Lowcountry Principal Shines in the National Spotlight

Feb 19, 2021
Principal Henry Darby in the halls of North Charleston High School
Victoria Hansen/ SC Public Radio

It's almost midnight and Henry Darby is stocking shelves at a Walmart in North Charleston.  He zips down the aisles unraveling cans from plastic packaging, eyeing them like a puzzle and then putting them in just the right place.

He lives the advice his family gave him growing up in this community.

"They always taught me whatever your hands find to do, do it."

Darby has found something to do alright.

This episode of the South Carolina Lede for February 2, 2021, features: a look at some of the action that happened last week in the State House of Representatives; an update from State Superintendent of Education Molly Spearman on how students are faring during the pandemic; comments from Gov. Henry McMaster on the vaccine rollout in the state; and more.

"O" is for Opportunity Schools. Dr. Wil Lou Gray, the state supervisor in adult education, created a boarding school for young people who could not attend public school or who had not gone further than the fifth grade. The school opened in August 1921 at the Tamassee DAR School in Oconee County to offer educational opportunities for undereducated young white women. For a decade the school operated during August on the campuses of Anderson, Erskine, Clemson, and Lander colleges. By 1931 it was co-educational and in 1936 the Opportunity School for Negroes opened at Vorhees.

"E" is for the Education Accountability Act of 1998. The Education Accountability Act [known as the EAA] placed South Carolina in the mainstream of education accountability reform. It required the establishment of specific standards in math English/language arts, sciences, and social studies. These standards were to provide the basis for student assessment in grades three through eight as well as a high school exit exam. The legislation also called for end-of-course exams in certain high school courses. The purpose of these tests was to hold students and schools accountable for learning.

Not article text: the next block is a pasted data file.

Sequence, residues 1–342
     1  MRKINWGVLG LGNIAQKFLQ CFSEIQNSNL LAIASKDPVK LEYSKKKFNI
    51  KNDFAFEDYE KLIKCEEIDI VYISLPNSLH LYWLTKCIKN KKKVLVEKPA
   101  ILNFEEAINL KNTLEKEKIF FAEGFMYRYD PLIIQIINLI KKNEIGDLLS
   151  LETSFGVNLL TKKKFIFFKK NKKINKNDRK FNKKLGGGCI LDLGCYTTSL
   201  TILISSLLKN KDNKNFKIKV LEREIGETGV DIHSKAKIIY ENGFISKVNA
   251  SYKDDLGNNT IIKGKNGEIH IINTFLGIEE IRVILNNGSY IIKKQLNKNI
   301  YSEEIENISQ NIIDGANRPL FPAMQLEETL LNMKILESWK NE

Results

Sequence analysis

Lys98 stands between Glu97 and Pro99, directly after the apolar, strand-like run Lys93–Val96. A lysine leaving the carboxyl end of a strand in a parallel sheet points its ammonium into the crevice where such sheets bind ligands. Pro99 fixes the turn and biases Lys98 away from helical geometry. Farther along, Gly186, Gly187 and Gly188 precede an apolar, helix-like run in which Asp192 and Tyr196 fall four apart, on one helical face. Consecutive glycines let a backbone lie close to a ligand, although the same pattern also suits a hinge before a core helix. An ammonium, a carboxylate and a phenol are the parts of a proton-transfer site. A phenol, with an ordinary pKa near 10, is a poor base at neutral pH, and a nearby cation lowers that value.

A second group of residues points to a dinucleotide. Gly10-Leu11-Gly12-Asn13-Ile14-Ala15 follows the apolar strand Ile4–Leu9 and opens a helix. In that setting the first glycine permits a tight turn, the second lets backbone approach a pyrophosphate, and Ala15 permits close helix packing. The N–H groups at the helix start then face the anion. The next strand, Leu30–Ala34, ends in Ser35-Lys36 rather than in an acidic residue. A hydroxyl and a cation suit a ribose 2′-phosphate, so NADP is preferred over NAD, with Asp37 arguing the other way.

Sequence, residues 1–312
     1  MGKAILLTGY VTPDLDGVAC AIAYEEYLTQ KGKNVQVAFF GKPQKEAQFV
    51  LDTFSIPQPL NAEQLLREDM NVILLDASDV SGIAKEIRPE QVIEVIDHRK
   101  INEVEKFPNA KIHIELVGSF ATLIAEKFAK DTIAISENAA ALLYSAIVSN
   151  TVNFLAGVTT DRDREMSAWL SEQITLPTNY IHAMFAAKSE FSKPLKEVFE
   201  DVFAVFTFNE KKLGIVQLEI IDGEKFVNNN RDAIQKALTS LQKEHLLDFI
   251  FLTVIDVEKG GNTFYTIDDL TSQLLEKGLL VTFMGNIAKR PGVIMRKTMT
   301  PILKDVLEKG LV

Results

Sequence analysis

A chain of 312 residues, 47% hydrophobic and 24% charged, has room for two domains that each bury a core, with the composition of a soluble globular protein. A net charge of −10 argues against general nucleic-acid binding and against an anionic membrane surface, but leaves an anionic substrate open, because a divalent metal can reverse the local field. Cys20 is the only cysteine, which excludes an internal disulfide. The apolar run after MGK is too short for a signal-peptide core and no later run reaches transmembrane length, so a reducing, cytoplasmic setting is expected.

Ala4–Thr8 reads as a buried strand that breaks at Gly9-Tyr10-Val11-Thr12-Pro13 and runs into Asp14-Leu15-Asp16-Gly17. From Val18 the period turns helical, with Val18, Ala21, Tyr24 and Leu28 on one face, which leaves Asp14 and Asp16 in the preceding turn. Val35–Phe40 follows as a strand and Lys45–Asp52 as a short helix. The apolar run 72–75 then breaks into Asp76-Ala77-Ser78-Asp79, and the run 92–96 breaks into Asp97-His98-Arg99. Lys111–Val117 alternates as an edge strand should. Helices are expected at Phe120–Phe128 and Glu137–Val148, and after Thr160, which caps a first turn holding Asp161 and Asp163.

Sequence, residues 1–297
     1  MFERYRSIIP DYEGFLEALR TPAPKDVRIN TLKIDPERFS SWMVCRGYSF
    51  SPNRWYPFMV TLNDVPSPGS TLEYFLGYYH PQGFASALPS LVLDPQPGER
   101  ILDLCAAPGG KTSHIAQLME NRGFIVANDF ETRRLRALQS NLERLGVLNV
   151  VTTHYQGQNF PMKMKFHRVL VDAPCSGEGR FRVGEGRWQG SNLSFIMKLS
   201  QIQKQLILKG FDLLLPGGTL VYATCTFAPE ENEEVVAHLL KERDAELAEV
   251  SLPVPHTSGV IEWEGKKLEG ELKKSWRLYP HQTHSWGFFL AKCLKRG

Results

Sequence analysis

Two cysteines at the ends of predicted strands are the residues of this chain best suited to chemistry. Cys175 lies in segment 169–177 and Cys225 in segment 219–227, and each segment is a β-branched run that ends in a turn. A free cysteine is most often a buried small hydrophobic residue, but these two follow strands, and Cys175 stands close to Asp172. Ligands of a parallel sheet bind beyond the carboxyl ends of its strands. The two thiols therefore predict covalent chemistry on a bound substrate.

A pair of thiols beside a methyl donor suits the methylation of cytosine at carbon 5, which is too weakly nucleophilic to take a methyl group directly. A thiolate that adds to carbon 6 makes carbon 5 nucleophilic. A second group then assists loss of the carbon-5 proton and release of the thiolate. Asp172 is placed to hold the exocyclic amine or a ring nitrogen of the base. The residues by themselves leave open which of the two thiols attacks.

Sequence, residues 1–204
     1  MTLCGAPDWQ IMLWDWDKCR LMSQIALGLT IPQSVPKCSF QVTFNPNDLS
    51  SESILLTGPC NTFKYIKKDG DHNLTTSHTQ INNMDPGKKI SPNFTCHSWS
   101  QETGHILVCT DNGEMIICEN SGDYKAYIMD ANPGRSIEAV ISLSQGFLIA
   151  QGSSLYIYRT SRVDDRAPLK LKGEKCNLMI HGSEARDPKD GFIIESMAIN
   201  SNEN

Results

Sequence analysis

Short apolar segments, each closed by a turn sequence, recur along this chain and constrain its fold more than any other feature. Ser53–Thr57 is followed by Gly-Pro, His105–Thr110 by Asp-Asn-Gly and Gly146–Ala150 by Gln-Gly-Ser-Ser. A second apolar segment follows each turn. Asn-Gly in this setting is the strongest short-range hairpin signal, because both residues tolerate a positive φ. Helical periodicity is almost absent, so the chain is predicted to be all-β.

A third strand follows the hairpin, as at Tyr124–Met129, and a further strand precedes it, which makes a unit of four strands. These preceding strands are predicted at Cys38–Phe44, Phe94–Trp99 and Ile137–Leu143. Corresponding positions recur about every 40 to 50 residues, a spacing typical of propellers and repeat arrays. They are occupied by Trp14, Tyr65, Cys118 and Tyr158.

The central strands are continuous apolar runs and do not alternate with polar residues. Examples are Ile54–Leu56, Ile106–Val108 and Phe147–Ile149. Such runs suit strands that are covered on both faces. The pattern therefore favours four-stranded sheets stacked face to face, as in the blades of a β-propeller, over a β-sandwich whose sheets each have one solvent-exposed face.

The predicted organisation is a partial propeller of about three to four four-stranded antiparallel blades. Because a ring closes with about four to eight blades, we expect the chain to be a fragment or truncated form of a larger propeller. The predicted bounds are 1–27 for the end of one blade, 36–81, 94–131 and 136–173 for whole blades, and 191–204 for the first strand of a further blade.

A video from Pfizer shows employees packing a storage container with the company's COVID-19 vaccine as shipments were sent to hundreds of sites around the country this weekend.

On this episode of the South Carolina Lede for December 15, 2020, we bring you all the action from the South Carolina Electoral College meeting in Columbia on Monday, take a look at the COVID-19 vaccine rollout process as the first shipments of the Pfizer vaccine reach the Palmetto State, speak with a University of South Carolina Law professor on his new book tracing the history of education in the country, and much more.

If there is anything our high school students need right now, it’s assistance that will help them graduate in 2021.  Which seems like a long way away, but after what our 2020 graduates had to go through, time will almost certainly fly for these kids, as well.

Gov. Henry McMaster at his Statehouse announcement on Wednesday, July 25, 2020.  Joined by Sen. Gregg Hembree, R-Little River (center) and House Speaker Jay Lucas, R-Hartsville (right)
Russ McKinney/SC Public Radio

Education Superintendent Spearman, District Superintendents, and Democrats Criticize as Premature and Unsafe

While there appears to be overwhelming support to re-open South Carolina’s public schools this fall, the question of how to open them safely has become a contentious and highly political issue. Republican Gov. Henry McMaster this week said despite the growing pandemic in the state, schools must open, and that parents must be given the option of sending their children to school five days a week.

Provided by Juwan Williams

Attending a Historically Black College/University (HBCU) is not quite the same as attending college elsewhere. There’s a lot of history and culture that goes with the HBCU experience – and that can be surprisingly intimidating for young African-American intellectuals.